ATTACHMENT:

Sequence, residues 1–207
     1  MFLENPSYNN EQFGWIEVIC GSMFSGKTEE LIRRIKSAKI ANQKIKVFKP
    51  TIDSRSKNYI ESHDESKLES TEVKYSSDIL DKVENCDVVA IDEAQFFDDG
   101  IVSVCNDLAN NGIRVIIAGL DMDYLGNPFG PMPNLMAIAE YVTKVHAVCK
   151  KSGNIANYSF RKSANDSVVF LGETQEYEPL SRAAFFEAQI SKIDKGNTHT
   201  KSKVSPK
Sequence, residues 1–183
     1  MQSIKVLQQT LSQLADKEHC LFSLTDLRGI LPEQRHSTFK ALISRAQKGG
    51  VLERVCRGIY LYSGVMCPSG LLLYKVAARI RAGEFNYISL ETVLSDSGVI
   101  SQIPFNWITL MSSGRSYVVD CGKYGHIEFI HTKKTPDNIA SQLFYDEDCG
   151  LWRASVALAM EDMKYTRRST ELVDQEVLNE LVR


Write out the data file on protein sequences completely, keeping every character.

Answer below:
Sequence, residues 1–207
     1  MFLENPSYNN EQFGWIEVIC GSMFSGKTEE LIRRIKSAKI ANQKIKVFKP
    51  TIDSRSKNYI ESHDESKLES TEVKYSSDIL DKVENCDVVA IDEAQFFDDG
   101  IVSVCNDLAN NGIRVIIAGL DMDYLGNPFG PMPNLMAIAE YVTKVHAVCK
   151  KSGNIANYSF RKSANDSVVF LGETQEYEPL SRAAFFEAQI SKIDKGNTHT
   201  KSKVSPK
Sequence, residues 1–183
     1  MQSIKVLQQT LSQLADKEHC LFSLTDLRGI LPEQRHSTFK ALISRAQKGG
    51  VLERVCRGIY LYSGVMCPSG LLLYKVAARI RAGEFNYISL ETVLSDSGVI
   101  SQIPFNWITL MSSGRSYVVD CGKYGHIEFI HTKKTPDNIA SQLFYDEDCG
   151  LWRASVALAM EDMKYTRRST ELVDQEVLNE LVR